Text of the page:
Protein structural information is crucial for an understanding of protein function and evolution. Currently, only there is only experimental data for a tiny fraction of the protein universe. Homology modelling allows structure predictions for many more proteins, but there is no structural information at all for a large number of families. Membrane protein families are particularly poorly understood due to the extra experimental difficulties they bring.
The project will entail application of new methods for protein structure prediction, the state-of-the-art fragment assembly ab initio program Rosetta and/or contact prediction-based methods such as Pconsfold (Michel et al., 2014). The proteins to be addressed may be of various origins, including locally produced genomes and proteomes, but are likely to include families of currently unknown structure but proven medical or biotechnological interest. Membrane proteins will also be a distinct focus. In order to achieve the fullest possible picture, a battery of structure-based function prediction methods will be applied to models produced and those data complemented by sequence- and context-derived information (Rigden, 2011). There may also be opportunities for the student to further the development of AMPLE, a joint Liverpool-CCP4 program for solving crystal structures using ab initio models (Bibby et al., 2012).
The project offers an exciting chance to work at the cutting edge of protein bioinformatics, leveraging information from structure predictions, complemented by a broad range of additional methods, to shed light on protein function.
The project focuses on the fast-moving cutting edge of protein modelling and will provide extensive training in the current leading program Rosetta. Ab initio and contact prediction-based modelling are among the most exciting areas of contemporary bioinformatics and the student will be well placed on completion of the project to exploit the ever-increasing possibilities for its application. A full exploration of the predictive power of ab initio models for protein function requires an integrated approach to understand structure-function and their co-evolution with time. The student will therefore also be exposed to the full spectrum of protein sequence- and structure-based methods and to techniques for inferring functional relationships from genomic data.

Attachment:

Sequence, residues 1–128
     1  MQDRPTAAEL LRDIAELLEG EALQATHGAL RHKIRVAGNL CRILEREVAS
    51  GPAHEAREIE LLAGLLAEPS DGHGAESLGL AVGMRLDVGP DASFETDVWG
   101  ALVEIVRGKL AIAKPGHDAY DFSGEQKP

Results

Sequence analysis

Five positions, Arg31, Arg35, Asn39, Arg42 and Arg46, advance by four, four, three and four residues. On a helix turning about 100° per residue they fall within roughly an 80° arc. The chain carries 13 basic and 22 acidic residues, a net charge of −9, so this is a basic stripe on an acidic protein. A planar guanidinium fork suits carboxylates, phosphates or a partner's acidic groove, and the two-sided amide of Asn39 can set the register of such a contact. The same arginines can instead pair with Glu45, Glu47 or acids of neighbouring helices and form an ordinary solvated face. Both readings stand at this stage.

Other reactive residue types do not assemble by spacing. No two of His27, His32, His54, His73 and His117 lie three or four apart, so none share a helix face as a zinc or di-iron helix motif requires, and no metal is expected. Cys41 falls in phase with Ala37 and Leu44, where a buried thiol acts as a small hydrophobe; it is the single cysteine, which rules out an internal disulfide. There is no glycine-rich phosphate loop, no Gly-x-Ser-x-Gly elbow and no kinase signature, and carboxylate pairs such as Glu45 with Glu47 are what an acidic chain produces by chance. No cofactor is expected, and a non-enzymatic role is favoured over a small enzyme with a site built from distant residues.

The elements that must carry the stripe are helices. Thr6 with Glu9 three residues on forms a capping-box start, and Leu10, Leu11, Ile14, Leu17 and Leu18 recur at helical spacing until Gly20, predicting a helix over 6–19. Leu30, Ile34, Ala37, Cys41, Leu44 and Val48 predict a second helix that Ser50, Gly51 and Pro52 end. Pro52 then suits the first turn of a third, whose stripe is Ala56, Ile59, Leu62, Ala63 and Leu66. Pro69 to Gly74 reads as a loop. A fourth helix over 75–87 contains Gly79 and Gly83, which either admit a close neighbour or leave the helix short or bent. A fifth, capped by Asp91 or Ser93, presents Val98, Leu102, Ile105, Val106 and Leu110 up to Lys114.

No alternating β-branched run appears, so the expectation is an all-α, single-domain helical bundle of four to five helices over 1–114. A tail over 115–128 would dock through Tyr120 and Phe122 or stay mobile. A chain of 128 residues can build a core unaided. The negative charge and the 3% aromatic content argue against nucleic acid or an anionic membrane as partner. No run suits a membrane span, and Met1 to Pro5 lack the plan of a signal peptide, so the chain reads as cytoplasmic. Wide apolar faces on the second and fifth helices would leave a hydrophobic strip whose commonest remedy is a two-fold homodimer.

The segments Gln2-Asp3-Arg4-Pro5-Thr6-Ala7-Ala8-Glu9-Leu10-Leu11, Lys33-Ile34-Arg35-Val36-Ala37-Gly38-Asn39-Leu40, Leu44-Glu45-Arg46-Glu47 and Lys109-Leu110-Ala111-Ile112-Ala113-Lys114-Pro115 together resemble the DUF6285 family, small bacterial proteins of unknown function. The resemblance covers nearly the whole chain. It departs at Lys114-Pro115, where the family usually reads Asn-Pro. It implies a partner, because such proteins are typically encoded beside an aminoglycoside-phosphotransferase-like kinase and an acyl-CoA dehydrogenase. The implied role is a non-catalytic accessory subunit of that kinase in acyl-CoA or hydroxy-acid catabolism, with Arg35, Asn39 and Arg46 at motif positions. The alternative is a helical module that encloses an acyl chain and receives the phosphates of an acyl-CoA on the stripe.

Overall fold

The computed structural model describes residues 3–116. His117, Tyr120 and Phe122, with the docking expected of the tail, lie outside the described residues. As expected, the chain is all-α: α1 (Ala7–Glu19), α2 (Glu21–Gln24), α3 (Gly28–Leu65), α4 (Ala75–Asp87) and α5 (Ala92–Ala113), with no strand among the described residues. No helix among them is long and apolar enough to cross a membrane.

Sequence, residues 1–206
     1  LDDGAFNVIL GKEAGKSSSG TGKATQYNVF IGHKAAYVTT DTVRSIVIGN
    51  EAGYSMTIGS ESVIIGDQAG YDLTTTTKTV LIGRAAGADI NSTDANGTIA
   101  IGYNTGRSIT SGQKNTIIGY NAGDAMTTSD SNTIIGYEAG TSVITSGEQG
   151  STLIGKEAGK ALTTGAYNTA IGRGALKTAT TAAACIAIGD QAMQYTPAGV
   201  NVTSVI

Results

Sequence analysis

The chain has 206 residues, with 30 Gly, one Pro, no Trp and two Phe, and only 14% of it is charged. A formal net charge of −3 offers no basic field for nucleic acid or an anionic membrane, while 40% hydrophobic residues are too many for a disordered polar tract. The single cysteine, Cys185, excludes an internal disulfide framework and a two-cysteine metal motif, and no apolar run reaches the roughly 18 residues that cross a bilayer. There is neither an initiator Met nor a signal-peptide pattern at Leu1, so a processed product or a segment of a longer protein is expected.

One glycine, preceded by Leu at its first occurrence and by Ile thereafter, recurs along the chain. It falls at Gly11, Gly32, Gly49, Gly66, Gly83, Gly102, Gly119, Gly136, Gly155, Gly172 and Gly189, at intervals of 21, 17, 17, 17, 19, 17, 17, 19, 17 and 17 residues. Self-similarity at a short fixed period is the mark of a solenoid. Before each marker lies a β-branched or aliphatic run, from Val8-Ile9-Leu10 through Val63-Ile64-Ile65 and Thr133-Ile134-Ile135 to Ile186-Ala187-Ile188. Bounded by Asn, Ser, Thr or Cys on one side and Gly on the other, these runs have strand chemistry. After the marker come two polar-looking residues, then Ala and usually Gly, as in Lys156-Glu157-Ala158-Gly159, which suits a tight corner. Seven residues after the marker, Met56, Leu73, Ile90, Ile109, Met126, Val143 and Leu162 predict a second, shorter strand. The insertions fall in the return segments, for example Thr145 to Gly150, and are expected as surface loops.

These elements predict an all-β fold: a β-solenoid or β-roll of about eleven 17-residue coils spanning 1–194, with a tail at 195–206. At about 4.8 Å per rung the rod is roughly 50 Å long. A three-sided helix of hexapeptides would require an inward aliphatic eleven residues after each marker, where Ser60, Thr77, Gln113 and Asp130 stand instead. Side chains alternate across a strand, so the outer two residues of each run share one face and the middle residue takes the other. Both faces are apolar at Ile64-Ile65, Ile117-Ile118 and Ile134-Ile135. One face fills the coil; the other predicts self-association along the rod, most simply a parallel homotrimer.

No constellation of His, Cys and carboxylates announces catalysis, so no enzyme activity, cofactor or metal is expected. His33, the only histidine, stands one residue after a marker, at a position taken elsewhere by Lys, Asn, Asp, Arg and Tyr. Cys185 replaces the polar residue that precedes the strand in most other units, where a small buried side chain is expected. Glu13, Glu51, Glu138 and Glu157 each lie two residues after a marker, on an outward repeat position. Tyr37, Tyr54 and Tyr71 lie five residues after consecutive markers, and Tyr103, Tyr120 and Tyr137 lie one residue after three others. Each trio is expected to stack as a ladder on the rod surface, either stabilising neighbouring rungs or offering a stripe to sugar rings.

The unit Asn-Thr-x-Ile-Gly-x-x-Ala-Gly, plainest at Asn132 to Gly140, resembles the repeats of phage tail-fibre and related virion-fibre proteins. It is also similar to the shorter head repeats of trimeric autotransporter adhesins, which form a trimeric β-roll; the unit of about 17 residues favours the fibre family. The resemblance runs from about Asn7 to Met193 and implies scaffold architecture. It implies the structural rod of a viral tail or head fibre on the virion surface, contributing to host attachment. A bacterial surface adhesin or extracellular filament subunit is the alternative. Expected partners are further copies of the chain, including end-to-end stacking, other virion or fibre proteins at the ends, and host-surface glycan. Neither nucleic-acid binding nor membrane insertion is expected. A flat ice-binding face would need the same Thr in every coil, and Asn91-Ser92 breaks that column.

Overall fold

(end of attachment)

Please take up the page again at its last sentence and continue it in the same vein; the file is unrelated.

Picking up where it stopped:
This project is open to applicants who are able to obtain their own funding for tuition fee, consumable laboratory costs and living expenses.
A fees bursary may be available for suitably qualified applicants.
The 2015-16 PhD tuition fees are: UK/EU students £4,052.00 p.a.; international students £17,690.00.
In addition fees of between £1,000 and £12,000 per year are required for research costs depending on the type of project. An estimated maintenance allowance of £820 per month is required to cover accommodation, meals, transport etc.
The above figures are for guidance only, details will be provided when an offer is made.
Bibby J., Keegan R.M., Mayans O., Winn M.D. and Rigden D.J. (2012) AMPLE: a cluster-and-truncate approach to solve crystal structures of small proteins using rapidly computed ab initio models. Acta Crystallographica D68, 1622-1631.
Michel, M., Hayat, S., Skwark, M. J., Sander, C., Marks, D. S., and Elofsson, A. (2014). PconsFold: improved contact predictions improve protein models. Bioinformatics, 30(17), i482-i488.
Rigden, D.J. (2011) Ab initio modelling led annotation suggests nucleic acid binding function for many DUFs. OMICS: A Journal of Integrative Biology 15, 431-438.